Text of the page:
Jan 19, 2012

Sorrel

Mother Earth News magazine recently published an article about the blood-pressure lowering properties found in a tropical plant of the hibiscus family. The chemicals in this plant were proven to be more effective than the leading laboratory drugs for blood pressure reduction and it is said to also be useful in lowering cholesterol, aids digestion and is a treatment for scurvy and an immune booster. I also read somewhere that it is used as a remedy for the aftereffects of drunkenness. The plant is used as a diuretic, a mild laxative and for the treatment of colds and cancer. This plant is non other than sorrel, (Hibiscus sabdariffa) used to make the traditional Christmas drink of Trinidad and Tobago. It is the same plant used to make the familiar red zinger tea. Known as roselle and Flor De Jamaica it is a tropical or subtropical plant native to Iran, Africa, Mexico, India and the Caribbean but it can be grown as a warm-weather annual here in the US.


 
Attractive, delicious, good for your health - all reasons to love and grow sorrel.


While at my parents' house in December, I was awoken one night by a loud cracking noise just outside my bedroom window. I described the noise to my father the next day and the retired Police Sargent in him set out to investigate, armed with a cutlass. The noise turned out to be the sound of an unusually large sorrel bush breaking under the weight of its mature fruit. Together we cut and hauled the bush to the kitchen area and proceeded to harvest the sorrel fruits from all the surrounding plants which were growing among bananas and pigeon pea shrubs. We filled three large bowls of sorrel while chatting about this and the other. Dad pointed out that he and his friends and siblings ate the young sorrel leaves when they were children. I tried some. They were sour but very tasty and a bit like cranberries. The leaves can be used in salads and are favored in curries and stews in many African countries. The fruit of the sorrel plant consists or an acorn shaped seed covered by short, colorless hairs and encased by a deep red calyx supported by a short spiky collar. Peeled away, the calyxes are the most desirable parts of the plant. Also, the stems of sorrel contain strong fibers which are used to create ropes and rugs.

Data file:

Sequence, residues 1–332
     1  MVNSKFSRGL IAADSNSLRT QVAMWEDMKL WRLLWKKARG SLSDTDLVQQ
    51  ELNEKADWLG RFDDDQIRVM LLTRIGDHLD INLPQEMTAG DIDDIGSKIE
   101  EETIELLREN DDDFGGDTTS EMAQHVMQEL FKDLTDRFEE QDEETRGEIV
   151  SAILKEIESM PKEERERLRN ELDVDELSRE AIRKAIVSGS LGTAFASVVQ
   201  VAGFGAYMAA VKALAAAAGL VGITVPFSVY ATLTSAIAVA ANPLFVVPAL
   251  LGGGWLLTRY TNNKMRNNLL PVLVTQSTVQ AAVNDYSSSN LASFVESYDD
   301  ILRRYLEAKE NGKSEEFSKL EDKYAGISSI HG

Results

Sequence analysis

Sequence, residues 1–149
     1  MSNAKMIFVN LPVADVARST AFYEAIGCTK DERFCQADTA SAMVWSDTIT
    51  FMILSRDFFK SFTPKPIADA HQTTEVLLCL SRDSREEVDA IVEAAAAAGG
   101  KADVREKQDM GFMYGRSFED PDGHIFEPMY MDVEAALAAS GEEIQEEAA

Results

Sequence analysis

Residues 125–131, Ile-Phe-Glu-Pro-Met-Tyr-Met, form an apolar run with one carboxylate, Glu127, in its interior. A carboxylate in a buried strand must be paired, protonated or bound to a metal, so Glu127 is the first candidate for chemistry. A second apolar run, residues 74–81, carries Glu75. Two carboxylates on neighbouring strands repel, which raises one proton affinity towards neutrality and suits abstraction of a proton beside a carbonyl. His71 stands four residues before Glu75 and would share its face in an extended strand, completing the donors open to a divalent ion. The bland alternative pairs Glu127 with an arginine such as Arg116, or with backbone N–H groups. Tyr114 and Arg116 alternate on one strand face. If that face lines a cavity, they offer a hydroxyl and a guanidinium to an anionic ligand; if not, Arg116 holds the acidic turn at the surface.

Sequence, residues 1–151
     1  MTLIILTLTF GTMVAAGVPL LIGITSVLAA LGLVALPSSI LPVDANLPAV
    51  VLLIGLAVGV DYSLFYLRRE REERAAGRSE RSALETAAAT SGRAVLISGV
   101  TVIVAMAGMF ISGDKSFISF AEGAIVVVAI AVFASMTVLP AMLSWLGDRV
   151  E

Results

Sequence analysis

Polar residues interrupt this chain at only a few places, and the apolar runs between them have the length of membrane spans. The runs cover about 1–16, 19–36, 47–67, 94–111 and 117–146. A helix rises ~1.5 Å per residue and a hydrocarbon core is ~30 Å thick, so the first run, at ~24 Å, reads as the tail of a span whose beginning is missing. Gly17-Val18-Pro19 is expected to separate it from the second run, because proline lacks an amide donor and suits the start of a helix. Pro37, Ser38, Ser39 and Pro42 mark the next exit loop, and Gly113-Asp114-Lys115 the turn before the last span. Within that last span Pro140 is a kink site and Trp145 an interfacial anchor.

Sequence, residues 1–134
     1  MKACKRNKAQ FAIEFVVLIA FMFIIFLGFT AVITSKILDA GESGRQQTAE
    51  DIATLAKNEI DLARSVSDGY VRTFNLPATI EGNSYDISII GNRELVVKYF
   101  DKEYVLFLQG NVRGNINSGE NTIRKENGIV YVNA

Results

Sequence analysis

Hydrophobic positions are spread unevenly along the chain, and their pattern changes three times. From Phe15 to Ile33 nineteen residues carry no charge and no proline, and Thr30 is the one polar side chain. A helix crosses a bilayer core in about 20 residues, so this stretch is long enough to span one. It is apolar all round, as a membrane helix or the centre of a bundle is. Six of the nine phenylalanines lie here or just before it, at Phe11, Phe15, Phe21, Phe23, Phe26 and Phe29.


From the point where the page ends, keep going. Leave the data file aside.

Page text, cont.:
My mom gave me small bag of dried sorrel to bring back to New York. She was sure to include a couple leaves from the bay leaf or spice tree from the backyard. I have found packets of dried sorrel in the Latin/ Mexican sections of many supermarkets and of course it is sold in small groceries in Caribbean neighborhoods. Packaged this way it is available to be enjoyed all-year round. It is easy to prepare this delicious drink. Simply add the dried sorrel to water and boil for five to ten minutes. Almost immediately the water will become a luscious deep red. You may add a few whole cloves and/or a stick of cinnamon to the boiling water. Cool and strain. Add sugar to taste and serve with ice. I'm a bit of a purist and find the taste to be best with nothing added. However, Jamaicans are known for adding ginger to their sorrel which to me creates an entirely different experience. I tried one such concoction at Miss Lily's on Houston Street a few days ago. Not bad at all. Carib Lager Beer bottles a Shandy Carib in three mixtures: beer with ginger, beer with lime and beer with sorrel. Try sorrel with rum for an evening cocktail. Whichever way you like it, drink to your heart's content, live well and enjoy!


Post a Comment

Birds and Blooms of T&T

The garden in January, February and March may not offer much in terms of color , especially when you live in a snow-covered New York City. B...